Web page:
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The Golden F**king Years by Adrian McLoughlin | Review

The Golden F**king YearsEver think about retirement? I must admit I am starting to and face the prospect with absolute dread. I know some people look forward to giving up work and spending the halcyon days of their lives in a relaxed and carefree way in the company of friends and loved ones. That was certainly the plan for the couple in Adrian McLoughlin’s play The Golden F**king Years currently being presented by Vital Signs Productions & Andrew Livingstone Productions at the Brockley Jack.

On a sun-drenched balcony overlooking the Mediterranean, two people sit. Gordon (Adrian McLoughlin) and Helen (Deborah Maclaren) have been married for 18 years and are now retired. They spend their days relaxing in their apartment, drinking gin and reading – and their nights at the local bar. The couple don’t have a hectic life. After all, they aren’t as young as they once were – Gordon is nearly 70 – so obviously their pace of life has slowed down. In fact, Gordon seems happy to drink his way through the next few years until the inevitable visit of death. Although it may seem they have an idyllic life with no cares in the world, they both have moments of dissatisfaction but they muddle through life together as they have done for years. Until one day, a glamorous Essex lady by the name of Cath (Anneli Page) decides to look for an apartment and enters Gordon and Helen’s lives like the proverbial ‘bat out of hell’

The Golden F**king Years is a very funny look at old age and how people cope with it. More than that, playwright Adrian McLoughlin challenges the audience to re-examine their own thoughts on older people as they follow the travels of Helen, Gordon and Cath in this well-crafted story. It’s surprising how, even the most liberal and free-thinking of people, just naturally assume that the ‘oldies’ will fade gently into obscurity once their working lives are over. With The Golden F**king Years, Adrian, really shows that an elderly couple can do and be anything they want. Aside from the story – which is full of lovely comedic elements, even when least expected, I love the fact that this play requires mature actors to take centre stage.

And these are three very talented actors indeed. Having seen my parents – who are about Gordon and Helen’s age – together, I can assure you the two characters, as portrayed by Adrian and Deborah respectively, are absolutely true to life. Gordon’s wittering and Helen’s exasperation – you could even feel her eyes rolling behind her sunglasses as he chuntered on – were spot on and I loved them both straight away. I wasn’t quite so sure about Cath, and if I’m honest, it took me a little while to feel some connection with her. However, once I did, then I really appreciated both the character and the work put in by Anneli Page to bring her to life.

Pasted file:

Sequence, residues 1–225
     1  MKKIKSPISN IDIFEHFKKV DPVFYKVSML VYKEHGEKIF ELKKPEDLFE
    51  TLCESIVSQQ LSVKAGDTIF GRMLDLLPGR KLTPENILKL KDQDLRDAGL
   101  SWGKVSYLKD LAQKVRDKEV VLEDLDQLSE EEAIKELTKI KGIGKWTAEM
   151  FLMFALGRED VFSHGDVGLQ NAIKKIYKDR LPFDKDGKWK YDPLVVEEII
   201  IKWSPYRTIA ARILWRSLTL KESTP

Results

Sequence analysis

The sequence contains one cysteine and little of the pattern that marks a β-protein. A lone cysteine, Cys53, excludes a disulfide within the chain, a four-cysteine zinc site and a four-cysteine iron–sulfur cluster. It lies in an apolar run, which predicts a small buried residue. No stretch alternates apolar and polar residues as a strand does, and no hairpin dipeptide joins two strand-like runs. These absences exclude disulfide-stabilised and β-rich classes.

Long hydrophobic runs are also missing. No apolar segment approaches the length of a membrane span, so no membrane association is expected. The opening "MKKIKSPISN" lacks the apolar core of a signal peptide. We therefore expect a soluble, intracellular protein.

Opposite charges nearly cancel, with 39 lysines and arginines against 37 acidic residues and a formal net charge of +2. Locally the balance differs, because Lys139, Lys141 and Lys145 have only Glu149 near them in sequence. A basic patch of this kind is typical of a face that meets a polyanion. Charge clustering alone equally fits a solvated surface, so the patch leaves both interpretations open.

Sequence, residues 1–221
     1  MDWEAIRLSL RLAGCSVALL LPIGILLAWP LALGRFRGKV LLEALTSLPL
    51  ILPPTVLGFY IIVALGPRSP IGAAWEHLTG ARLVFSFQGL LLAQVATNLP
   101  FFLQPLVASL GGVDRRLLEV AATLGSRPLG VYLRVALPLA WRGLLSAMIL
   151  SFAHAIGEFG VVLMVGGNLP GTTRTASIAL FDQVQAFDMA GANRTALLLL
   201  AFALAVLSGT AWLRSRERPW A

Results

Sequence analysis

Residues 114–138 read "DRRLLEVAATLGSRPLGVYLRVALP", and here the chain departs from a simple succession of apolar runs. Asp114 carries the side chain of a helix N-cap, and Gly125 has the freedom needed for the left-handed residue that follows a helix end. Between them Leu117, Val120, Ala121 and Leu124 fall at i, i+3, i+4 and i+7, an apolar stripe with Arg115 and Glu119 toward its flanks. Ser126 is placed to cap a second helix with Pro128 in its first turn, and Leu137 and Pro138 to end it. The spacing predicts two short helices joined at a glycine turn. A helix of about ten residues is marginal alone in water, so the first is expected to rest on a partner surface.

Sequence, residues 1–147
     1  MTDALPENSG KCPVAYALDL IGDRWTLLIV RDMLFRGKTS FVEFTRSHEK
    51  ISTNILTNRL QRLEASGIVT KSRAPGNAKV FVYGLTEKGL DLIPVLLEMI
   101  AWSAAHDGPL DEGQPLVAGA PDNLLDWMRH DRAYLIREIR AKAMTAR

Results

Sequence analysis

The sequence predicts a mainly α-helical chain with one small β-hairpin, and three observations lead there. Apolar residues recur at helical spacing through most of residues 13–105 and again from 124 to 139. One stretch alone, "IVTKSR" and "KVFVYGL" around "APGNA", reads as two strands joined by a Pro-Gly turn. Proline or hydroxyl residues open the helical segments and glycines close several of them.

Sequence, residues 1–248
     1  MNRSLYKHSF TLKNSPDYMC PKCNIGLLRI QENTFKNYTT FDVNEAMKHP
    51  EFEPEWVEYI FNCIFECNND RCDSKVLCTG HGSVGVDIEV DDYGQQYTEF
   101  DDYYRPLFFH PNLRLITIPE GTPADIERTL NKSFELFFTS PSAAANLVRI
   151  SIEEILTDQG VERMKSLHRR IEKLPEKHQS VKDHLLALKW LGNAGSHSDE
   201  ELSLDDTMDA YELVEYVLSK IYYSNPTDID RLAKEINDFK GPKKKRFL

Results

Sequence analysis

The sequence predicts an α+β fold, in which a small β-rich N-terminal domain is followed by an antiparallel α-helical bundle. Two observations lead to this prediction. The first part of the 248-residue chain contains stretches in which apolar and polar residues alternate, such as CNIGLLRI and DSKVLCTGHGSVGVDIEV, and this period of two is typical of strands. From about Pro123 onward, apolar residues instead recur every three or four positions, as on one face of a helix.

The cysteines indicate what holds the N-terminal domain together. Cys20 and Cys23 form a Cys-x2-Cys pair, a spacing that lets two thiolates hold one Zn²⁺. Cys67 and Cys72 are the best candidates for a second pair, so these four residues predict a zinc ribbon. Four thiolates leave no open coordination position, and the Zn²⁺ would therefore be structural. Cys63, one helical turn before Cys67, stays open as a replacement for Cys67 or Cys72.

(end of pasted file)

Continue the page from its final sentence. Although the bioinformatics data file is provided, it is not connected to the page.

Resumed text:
Designer, Chris de Wilde makes great use of the Brockley’s stage space to create the different locations and Director Clare Prenton keeps the pace steady as the story unfolds. Good lighting by Ben Jacobs along with an excellent soundtrack meant that scene changes didn’t slow things down – although I do have David Bowie’s ‘Golden Years’ still running through my head this morning.

All in all this one-act play, with a running time of roughly ninety minutes, was a very amusing and entertaining look at life after retiring. I liked the story and loved the open ending. I also really loved that The Golden F**king Years was not only highly enjoyable but also challenged the audience’s perception on what it is to be old, in a way that makes me slightly less fearful about my own fast-approaching Golden Years.

4 stars

Review by Terry Eastham

Helen and Gordon spend their retirement on their Mediterranean balcony, reading and drinking gin, quite a lot of it. Both have moments of dissatisfaction. Is this life-changing or merely boredom brought on by age and inactivity?

When a younger woman appears in their lives, their comfortable existence is blown apart in an unexpected fashion. Sex, alcohol and physical mayhem have dangerous repercussions for all.

A hilarious new play about getting old, moving abroad and the consequences of spontaneous behaviour. The Golden F**king Years takes a look at how people behave – and how others expect them to behave – as they age.

The Golden F**king Years Listings Information
Brockley Jack Studio Theatre, 410 Brockley Road, London, SE4 2DH
www.brockleyjack.co.uk
Tuesday 17 to Saturday 28 April 2018 at 7.30pm.

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